Confidence Is a Critical Job-search Tool

By Trina Fleming

Searching for a job these days is hard work. You must make sure that your resume stands out, that you are prepared to dazzle potential employers with your interview answers, that your handshake is firm, your body language positive and that you are dressed in a way that exemplifies your professionalism. But all that is still not enough to get you a job. More than not the critical element to getting a job today is confidence. And for many job seekers whose job search has lasted about 40 weeks, longer than any time since 1948, confidence is the one thing that they lack.

In the past, most job seekers believed they could get a job because of their education, because of their experience. But in this job market, education and experience is not enough to get them a job offer. Confidence is one of the critical factors employers are looking for when they make a hiring decision. When a potential employer picks up on a lack of confidence, they put less stock in the candidate's abilities. And because confidence generally comes from one's dealings with the world, long-term unemployment or long-term rejection will often have a negative impact on confidence. In order to be successful at their job search, job seekers must find and display the self-confidence that comes from within.

One way to boost self-confidence during a job search is to write down your accomplishments and achievements. It is not enough to know where you've been successful; you need to know exactly what you've achieved and see it written down so that you can keep referring to it. You will most likely not include every accomplishment on your resume, so keep a list. Use the list to formulate answers to interview questions and casual conversation with your network. This is your time to shine and be willing to share your successes with pride.

It is also important to stay active. During your job search some of your days will be filled with appointments and places to be and some days will be filled with phone calls and Internet searching. But every day should include things that fuel your brain. Read books, exercise, journal, volunteer, take a class, learn a new language; do things for yourself that energize you and keep you positive.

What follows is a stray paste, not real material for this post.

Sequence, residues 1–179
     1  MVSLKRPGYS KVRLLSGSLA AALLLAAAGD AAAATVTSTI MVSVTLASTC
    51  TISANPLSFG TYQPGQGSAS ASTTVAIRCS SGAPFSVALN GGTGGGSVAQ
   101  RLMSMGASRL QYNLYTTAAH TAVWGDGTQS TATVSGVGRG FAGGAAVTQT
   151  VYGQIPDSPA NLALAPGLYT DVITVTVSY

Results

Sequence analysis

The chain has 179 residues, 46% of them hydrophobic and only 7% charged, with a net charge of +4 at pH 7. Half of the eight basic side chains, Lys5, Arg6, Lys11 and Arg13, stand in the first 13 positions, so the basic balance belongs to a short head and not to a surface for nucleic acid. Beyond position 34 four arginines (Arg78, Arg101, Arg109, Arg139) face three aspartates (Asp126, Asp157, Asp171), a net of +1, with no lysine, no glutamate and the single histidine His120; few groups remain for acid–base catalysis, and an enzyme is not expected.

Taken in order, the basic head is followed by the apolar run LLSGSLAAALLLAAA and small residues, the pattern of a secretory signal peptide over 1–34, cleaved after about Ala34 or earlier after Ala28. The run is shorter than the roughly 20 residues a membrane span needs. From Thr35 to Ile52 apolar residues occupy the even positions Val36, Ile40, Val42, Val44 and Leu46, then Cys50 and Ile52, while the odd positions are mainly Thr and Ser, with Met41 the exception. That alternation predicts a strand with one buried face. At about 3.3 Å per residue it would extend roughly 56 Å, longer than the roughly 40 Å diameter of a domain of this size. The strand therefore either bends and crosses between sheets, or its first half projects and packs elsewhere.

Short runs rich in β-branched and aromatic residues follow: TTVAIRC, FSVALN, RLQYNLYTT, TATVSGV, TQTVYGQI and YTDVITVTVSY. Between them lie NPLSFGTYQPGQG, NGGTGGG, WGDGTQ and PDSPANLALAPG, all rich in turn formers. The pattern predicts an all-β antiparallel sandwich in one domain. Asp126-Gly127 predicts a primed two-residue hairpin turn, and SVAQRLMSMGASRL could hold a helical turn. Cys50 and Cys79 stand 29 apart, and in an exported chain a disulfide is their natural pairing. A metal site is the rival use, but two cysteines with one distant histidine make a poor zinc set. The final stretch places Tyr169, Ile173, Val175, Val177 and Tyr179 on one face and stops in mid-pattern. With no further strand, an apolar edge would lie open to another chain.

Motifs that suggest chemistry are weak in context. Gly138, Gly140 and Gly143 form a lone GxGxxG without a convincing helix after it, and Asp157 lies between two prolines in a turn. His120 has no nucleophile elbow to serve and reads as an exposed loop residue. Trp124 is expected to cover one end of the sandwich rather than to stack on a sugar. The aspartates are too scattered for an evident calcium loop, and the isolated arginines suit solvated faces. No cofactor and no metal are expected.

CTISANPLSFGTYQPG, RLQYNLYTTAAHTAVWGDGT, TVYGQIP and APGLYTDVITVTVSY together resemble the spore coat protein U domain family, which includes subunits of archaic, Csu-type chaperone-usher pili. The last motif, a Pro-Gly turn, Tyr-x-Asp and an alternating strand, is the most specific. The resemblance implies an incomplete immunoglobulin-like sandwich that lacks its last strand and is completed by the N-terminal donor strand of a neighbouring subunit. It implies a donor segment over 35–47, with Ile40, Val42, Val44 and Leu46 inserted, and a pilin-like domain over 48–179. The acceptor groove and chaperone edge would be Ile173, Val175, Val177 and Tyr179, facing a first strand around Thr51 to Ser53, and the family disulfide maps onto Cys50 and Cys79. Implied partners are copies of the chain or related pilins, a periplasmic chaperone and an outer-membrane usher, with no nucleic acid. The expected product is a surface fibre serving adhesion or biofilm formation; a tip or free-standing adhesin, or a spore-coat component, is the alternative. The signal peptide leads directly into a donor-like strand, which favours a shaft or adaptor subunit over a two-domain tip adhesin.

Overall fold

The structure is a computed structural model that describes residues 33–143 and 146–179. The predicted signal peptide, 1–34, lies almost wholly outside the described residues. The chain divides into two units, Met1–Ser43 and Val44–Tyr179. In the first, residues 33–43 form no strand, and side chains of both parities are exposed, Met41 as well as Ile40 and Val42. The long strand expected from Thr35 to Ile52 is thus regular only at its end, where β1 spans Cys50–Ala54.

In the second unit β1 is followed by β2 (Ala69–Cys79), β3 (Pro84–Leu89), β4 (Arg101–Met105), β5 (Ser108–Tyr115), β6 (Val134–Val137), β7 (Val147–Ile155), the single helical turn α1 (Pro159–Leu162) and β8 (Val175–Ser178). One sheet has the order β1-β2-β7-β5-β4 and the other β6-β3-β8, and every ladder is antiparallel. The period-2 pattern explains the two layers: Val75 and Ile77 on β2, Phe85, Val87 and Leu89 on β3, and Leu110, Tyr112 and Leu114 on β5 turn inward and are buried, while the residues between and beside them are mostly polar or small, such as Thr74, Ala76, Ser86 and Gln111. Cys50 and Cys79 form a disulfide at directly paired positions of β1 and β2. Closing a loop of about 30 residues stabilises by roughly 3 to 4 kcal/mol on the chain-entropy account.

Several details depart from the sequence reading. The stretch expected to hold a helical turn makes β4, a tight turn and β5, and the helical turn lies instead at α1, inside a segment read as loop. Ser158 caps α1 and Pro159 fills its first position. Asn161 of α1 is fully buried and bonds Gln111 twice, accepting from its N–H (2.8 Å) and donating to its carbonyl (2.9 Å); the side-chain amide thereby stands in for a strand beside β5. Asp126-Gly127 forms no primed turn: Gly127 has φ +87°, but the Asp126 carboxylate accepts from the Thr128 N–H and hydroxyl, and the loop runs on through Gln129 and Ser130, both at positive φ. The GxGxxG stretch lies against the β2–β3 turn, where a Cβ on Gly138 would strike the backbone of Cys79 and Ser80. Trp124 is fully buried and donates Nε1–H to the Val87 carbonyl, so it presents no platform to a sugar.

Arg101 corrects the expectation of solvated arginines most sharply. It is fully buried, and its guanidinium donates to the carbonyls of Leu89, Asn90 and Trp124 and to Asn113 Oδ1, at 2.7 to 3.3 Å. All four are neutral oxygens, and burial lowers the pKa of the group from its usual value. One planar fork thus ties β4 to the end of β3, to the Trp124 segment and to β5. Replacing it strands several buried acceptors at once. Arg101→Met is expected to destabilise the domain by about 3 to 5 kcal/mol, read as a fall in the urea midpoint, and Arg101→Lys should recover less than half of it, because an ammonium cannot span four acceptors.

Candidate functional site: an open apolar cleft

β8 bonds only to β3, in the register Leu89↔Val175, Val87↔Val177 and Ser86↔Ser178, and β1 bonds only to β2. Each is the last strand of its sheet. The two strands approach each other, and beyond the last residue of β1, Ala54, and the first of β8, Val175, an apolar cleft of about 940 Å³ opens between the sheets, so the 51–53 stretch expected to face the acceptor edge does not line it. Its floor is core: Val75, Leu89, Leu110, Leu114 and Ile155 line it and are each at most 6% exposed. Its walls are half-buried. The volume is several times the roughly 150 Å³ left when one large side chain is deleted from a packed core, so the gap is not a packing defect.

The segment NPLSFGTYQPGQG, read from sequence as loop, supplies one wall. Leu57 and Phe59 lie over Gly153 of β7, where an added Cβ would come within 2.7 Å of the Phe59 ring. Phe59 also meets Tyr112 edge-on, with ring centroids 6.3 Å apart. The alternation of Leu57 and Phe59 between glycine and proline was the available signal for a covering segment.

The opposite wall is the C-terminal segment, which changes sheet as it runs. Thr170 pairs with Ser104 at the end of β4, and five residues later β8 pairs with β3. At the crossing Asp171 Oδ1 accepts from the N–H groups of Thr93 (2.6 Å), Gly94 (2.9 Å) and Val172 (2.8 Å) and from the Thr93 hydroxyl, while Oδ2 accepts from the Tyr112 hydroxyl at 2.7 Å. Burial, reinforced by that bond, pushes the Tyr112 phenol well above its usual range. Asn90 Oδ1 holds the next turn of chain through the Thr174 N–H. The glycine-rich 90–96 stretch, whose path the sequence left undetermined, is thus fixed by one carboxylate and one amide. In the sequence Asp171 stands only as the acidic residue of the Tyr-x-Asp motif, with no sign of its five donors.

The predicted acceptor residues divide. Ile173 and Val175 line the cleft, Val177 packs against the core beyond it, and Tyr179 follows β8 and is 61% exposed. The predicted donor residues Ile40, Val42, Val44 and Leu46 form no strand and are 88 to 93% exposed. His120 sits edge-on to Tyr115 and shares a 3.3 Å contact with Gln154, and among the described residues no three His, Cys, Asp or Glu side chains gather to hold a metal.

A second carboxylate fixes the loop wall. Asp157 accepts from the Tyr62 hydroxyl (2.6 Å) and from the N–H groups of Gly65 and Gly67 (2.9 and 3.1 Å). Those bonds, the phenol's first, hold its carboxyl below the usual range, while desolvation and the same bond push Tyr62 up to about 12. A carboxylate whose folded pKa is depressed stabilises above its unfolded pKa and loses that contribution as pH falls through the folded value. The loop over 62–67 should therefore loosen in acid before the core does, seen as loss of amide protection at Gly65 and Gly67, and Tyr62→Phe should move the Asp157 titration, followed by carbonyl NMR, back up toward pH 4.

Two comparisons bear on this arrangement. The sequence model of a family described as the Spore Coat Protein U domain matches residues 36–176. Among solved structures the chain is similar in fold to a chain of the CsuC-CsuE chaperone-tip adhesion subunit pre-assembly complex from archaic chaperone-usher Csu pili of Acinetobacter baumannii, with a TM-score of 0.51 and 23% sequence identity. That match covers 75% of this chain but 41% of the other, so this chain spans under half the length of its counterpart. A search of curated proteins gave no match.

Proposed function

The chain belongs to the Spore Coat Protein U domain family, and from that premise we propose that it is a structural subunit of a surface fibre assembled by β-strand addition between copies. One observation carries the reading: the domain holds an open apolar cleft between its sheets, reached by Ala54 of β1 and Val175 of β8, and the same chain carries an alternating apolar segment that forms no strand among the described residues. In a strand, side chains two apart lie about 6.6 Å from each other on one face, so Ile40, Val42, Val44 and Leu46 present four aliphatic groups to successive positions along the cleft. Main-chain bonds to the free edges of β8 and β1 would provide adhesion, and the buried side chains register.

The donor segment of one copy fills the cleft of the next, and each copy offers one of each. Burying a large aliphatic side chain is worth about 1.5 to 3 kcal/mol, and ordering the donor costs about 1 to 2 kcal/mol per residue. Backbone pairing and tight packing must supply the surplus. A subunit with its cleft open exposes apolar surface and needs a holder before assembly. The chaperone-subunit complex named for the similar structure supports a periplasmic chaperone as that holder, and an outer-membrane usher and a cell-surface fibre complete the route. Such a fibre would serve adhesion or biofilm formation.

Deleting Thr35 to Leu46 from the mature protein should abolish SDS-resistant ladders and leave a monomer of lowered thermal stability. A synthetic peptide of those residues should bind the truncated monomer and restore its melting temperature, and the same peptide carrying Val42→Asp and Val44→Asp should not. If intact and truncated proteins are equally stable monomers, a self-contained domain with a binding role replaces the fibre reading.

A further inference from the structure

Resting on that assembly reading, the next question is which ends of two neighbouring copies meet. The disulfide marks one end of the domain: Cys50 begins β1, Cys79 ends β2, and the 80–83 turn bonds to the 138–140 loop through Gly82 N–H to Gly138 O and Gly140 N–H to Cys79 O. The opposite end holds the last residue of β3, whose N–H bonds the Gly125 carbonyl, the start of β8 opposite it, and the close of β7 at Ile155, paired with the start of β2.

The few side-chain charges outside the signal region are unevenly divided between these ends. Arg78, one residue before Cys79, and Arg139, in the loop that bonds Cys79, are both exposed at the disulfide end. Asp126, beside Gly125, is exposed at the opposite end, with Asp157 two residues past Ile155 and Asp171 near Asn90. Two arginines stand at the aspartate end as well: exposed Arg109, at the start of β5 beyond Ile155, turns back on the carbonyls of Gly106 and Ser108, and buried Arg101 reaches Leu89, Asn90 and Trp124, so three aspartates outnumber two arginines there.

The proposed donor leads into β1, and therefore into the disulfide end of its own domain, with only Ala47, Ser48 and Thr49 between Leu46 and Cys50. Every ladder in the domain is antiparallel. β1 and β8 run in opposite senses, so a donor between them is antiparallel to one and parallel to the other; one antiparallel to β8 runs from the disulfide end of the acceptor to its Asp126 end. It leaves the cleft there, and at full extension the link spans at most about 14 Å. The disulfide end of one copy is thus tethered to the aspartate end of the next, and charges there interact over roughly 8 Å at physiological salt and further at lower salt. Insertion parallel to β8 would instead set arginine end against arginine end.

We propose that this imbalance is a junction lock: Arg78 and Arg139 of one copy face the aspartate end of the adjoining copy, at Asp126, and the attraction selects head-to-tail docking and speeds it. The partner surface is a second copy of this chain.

And after you get the call to schedule an interview, prepare. Practice your introduction; practice the answer to the question that will always be asked, "Tell me about yourself." Research the company, Google the person who will be interviewing you, know the company's mission and the projects they are working on. The more prepared you are, the more confident you will be. Remember, an interview is not just a time to expound on the experience and skills that your resume has summarized, but it is a time to persuade the interviewer that you can do the job, that you are a good fit for the organization and that their organization will be better off having you as part of the team. The candidate that can successfully make that argument will generally get the job... and that takes confidence.

Hiring managers want to be assured that they are making the right hiring decision. They don't want to make a mistake and hire the wrong person. Your confidence will help the interviewer be more confident about making the decision to hire you.

WHW works with 4,000 disadvantaged and challenged job seekers every year providing them with the practical resources necessary for finding a job. But more importantly, we help them find the confidence that is critical. Whether the client is a survivor of domestic violence, dealing with homelessness, trying to get back on their feet after incarceration, dealing with a disability or one of many whose job has vanished during this most recent economic downturn, WHW provides an environment of education, training and hope that instills confidence. We help job seekers believe that they can be successful and that they will get a job.

If you would like to be part of transforming the lives of families struggling with unemployment, join WHW in the Job Raising Challenge! No contribution is too small and every dollar has an impact. Go to and let's put America Back to Work!

Trina is the VP of Marketing and Communications at WHW and is responsible for the development and implementation of WHW's strategic marketing and public relations activities. She oversees the shaping of WHW's brand message and communication objectives of the organization.